Products with a twist

This week I've assembled a collection of products, each with a twist. Some have a hidden feature or something that just sets the product apart. Often it's the result of out-of-the-box thinking.

SanDisk's Ultra II SD Plus with USB looks lik

SanDisk's Ultra II SD Plus with USB eliminates the need for a camera cable or a separate card reader.

e an ordinary SD memory card you might use in your digital camera. It's the same shape and size, but remove it from the camera and bend it in half to expose a USB connector that slips into a computer's USB slot. This eliminates the need for a camera cable or a separate card reader. Available at Amazon for $30 with 512 MB capacity. (


Plantronic's Discovery 655 Bluetooth headset re

sembles many of its competitors, but it solves the problem of keeping a charge in two different ways. Rather than requiring you to carry its included charger, it has a snap-on USB adapter that lets you charge from a computer or use any generic USB charger, including those supplied with BlackBerry and Motorola phones. In addition, it has a snap-on cylinder that holds an AAA battery and charges the headset. Clip it to your shirt pocket for convenient access and it's always ready for use. About $110. (


The USBCell looks like a conventional AA batte

ry, but it's lid hinges to reveal a USB connector for charging it from the USB connector on a computer or USB hub. The cell still needs some work to get the cost and capacity to be more competitive with conventional rechargeable batteries, but it represents some very clever thinking. About $12 each. (



Devices makes devices that look like simple table lamps, but buried inside the unit are electronics that wirelessly receive information and alter the color of the light. One device, its Weather Beacon, changes color to signify changes in weather, while a second, the Ambient Orb, changes colors to display stock market trends, traffic congestion or one of the company's other information channels. From $150. (


ScottEVest makes casual jackets that loo

k fairly ordinary. But unlike other jackets, they're designed for carrying technology gadgets such as cameras and music players, as well as other things you take with you, such as your keys, water bottle, batteries and sunglasses. I bought and have been using the Sport Tec 4.0 model that sells for $120 (with some sizes now on sale for $50) and was amazed at the attention to detail. It has 21 pockets of all sizes and shapes designed specifically to carry all of these objects, as well as a channel to bring your headphones from your music player to your ears. The jacket has clear and net pockets, zipper pockets, pockets with magnetic closures, an elastic strap for a water bottle, holders for batteries, a clip to hold a baseball cap and zip-off sleeves that turn it into a vest. Think of it as your third carry-on bag on your next flight. (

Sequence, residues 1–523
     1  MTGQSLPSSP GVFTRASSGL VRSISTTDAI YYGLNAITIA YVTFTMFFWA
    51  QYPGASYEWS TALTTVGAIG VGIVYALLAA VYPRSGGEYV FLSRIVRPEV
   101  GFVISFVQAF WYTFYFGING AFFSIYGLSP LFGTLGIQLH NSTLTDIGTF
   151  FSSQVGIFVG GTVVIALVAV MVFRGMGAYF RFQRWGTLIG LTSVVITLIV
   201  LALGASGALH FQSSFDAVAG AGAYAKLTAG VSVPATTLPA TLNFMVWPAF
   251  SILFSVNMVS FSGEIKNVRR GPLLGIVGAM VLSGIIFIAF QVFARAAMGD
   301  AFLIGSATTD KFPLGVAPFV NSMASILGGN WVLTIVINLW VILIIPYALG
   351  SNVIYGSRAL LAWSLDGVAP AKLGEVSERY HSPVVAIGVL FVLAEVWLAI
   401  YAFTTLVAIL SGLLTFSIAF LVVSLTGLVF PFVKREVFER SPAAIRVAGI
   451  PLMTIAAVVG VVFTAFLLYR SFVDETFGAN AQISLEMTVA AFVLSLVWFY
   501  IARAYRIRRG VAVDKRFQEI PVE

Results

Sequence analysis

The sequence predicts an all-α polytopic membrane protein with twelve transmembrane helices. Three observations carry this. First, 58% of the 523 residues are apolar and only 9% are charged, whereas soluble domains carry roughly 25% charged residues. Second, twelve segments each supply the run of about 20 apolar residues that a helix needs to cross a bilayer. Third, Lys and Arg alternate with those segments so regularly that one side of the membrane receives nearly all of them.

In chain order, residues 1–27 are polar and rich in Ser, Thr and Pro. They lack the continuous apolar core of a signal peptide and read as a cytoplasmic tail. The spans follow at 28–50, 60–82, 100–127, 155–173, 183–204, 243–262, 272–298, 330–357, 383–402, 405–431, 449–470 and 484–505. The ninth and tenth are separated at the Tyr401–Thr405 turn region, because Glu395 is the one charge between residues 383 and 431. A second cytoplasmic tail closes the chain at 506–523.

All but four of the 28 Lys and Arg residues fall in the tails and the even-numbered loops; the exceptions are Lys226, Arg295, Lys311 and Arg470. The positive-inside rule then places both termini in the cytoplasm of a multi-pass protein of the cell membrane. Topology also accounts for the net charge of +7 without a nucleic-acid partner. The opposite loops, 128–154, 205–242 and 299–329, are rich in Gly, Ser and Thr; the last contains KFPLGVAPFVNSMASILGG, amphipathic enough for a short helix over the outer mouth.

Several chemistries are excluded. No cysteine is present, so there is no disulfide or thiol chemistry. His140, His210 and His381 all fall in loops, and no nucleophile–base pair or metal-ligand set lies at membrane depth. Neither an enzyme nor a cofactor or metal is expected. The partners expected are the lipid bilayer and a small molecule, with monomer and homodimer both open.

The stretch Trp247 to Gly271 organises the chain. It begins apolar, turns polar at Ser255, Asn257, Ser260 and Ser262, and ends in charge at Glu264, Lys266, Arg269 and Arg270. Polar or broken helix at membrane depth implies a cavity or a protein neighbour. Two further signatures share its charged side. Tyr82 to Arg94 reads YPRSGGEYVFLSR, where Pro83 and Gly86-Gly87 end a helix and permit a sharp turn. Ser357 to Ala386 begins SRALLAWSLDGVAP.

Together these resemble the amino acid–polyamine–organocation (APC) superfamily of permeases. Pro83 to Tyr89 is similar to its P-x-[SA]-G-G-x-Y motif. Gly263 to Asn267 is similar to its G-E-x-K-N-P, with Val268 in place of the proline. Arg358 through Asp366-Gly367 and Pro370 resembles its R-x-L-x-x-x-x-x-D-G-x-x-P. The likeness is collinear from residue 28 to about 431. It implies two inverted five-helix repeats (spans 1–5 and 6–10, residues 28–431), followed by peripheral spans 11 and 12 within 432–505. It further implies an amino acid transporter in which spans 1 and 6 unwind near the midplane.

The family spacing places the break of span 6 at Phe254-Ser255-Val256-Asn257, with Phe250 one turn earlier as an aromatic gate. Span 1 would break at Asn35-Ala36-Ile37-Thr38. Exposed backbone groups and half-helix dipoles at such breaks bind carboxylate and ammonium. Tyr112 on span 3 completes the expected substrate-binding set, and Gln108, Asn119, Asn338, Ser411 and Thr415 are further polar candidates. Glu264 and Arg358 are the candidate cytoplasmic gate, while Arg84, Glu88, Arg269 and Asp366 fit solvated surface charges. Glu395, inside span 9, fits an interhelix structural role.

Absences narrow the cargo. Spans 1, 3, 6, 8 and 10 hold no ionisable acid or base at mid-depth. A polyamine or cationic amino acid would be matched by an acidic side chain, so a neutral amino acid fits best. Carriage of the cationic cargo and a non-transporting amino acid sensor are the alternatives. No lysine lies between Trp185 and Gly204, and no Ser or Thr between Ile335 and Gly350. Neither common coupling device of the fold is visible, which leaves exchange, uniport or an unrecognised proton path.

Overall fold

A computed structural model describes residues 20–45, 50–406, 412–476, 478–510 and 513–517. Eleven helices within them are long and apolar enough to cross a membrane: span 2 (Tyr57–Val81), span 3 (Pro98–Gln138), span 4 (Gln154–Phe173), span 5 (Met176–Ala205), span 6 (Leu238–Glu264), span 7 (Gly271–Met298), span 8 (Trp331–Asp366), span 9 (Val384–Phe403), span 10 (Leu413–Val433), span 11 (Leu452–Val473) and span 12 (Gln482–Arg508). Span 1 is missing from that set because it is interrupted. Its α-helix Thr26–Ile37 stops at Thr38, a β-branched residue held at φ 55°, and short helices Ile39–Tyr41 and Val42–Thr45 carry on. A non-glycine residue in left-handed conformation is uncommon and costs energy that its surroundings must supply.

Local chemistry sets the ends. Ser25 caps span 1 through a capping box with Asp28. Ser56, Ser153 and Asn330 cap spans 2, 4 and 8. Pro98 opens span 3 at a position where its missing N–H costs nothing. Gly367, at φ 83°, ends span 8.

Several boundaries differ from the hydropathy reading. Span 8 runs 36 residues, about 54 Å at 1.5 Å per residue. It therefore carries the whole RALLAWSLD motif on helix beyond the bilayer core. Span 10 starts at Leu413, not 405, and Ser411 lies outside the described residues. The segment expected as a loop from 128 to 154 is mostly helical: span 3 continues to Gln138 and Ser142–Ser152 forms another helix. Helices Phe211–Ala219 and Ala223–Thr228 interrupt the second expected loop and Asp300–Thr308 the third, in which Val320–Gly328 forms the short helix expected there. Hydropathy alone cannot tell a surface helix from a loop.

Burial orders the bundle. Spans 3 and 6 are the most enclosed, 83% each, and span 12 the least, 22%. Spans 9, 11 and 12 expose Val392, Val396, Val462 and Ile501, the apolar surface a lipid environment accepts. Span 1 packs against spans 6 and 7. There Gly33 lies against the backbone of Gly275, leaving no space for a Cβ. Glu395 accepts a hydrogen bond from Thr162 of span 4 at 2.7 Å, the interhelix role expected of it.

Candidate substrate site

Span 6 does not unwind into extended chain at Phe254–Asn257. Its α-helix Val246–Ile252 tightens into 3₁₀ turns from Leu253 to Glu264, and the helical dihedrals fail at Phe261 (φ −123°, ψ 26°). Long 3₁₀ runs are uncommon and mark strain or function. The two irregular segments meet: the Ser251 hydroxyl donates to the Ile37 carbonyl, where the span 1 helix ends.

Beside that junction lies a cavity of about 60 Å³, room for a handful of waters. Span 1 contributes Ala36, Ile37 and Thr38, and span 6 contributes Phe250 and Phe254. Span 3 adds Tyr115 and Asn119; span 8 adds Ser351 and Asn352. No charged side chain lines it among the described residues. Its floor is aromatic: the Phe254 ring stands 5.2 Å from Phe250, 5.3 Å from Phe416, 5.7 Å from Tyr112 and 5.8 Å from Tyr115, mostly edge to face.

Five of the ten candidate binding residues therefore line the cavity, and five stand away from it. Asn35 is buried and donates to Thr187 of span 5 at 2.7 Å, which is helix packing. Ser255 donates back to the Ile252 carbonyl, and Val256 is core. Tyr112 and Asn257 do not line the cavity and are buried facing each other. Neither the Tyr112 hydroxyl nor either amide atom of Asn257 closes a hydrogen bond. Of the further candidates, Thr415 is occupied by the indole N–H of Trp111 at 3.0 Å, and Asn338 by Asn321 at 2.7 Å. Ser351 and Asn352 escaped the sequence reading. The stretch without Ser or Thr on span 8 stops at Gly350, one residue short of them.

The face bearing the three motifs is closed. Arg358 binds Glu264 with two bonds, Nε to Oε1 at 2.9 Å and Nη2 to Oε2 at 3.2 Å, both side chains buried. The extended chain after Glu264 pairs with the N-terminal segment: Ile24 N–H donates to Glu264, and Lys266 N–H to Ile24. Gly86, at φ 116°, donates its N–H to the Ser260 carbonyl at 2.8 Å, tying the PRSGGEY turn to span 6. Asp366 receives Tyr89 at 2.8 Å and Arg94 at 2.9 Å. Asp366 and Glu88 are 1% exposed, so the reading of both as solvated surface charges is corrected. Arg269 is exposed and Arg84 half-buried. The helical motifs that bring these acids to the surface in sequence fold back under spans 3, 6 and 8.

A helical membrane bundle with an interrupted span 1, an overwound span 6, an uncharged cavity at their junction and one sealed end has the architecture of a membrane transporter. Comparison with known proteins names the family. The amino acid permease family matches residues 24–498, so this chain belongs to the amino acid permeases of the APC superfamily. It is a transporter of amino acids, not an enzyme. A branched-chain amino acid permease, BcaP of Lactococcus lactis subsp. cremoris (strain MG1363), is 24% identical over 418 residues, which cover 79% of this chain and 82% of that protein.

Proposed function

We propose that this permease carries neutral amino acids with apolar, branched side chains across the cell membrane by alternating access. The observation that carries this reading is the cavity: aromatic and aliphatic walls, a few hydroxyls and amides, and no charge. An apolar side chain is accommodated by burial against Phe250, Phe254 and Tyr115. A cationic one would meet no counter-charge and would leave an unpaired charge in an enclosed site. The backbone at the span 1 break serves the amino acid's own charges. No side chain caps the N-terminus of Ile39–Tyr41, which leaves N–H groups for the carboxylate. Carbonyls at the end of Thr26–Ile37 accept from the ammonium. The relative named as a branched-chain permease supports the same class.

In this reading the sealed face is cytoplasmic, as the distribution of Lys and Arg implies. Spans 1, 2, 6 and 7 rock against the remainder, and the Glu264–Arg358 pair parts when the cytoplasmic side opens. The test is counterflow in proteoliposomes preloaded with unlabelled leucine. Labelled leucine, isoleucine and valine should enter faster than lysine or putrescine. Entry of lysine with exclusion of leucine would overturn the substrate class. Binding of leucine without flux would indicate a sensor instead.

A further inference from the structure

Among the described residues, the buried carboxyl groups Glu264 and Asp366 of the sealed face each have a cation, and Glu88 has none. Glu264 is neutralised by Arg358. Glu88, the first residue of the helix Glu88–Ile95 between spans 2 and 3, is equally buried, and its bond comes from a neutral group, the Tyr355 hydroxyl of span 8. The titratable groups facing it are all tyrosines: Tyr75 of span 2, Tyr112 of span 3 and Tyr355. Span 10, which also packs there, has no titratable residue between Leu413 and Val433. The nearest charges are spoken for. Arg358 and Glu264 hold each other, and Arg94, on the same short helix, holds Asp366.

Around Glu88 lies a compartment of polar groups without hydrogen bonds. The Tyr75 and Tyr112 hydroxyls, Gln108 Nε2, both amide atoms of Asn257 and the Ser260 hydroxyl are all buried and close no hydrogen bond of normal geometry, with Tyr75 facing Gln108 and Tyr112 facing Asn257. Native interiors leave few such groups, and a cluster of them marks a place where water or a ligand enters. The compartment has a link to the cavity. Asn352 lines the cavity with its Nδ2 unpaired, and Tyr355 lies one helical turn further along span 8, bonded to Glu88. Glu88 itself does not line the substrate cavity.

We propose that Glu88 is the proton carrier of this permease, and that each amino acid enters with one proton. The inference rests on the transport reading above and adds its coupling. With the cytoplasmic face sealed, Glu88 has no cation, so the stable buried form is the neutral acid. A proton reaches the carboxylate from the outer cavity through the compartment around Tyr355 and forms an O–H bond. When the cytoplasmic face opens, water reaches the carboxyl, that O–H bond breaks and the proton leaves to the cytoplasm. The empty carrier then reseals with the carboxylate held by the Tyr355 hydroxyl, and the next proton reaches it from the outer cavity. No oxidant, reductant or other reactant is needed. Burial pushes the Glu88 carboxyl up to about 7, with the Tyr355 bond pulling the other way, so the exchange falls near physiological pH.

The n

ew Jitterbug cell phone and service from GreatCall of Solana Beach proves that less can be more. Are you tired of cell phones that play music, download video and show TV programs? Do you just want a phone with large keys and a clear display that's easy to use that doesn't need a 120-page user manual? A phone that comes with your favorite numbers pre-programmed? This may be the phone for you (or your kids or parents). It's a refreshing change and something the major cell phone providers have ignored. What's not so simple? Finding the price on its Web site. But you can call an operator to get help; when I called, she answered on the first ring: $147. (


Apple's new iPod Shuffle is the world's s

mallest digital music player, about the size of a postage stamp. It costs just $79 for the 1 GB version that holds about 240 songs. While it could just as easily have been made of plastic, it's beautifully constructed of extruded aluminum and has a built-in clip to attach it to your pocket or bag. (



ak's EasyShare V705 Dual Lens Digital Camera works like a normal pocketsize digital camera, but it has a surprise. In addition to its 5X optical zoom lens, there's a second 23mm ultra-wide-angle lens on the camera, ready to use. The lenses sit above one another, each with its own 7MP sensor. The wide-angle lens lets you create a 180-degree panorama by taking just three images and then stitching them together. About $270. (

Baker has developed and marketed consumer and computer products for Polaroid, Apple, Seiko and others. He is the holder of 30 patents and was named San Diego's Ernst & Young Consumer Products Entrepreneur of the Year in 2000. Send comments to Comments may be published as Letters to the Editor.

ThinkPad X60 tablet

Lenovo introduced its new X60 tablet PC. The X60 is one of the thinnest and lightest tablet computers, with a claimed battery life of nine hours. It features active-screen rotation that automatically changes the screen orientation when you rotate the computer. It's completely customizable, with a choice of Intel's Core single and dual processors, a choice of displays with two different resolutions viewable both indoors and out and screens with finger-touch and pen-touch input. Its hard drive is available up to 120 GB. There is a wide variety of accessories, including different-sized batteries, docking stations and a protective sleeve. The X60 replaces the X41 tablet, which will be phased out over the next few months. Pricing starts at $1,800. (

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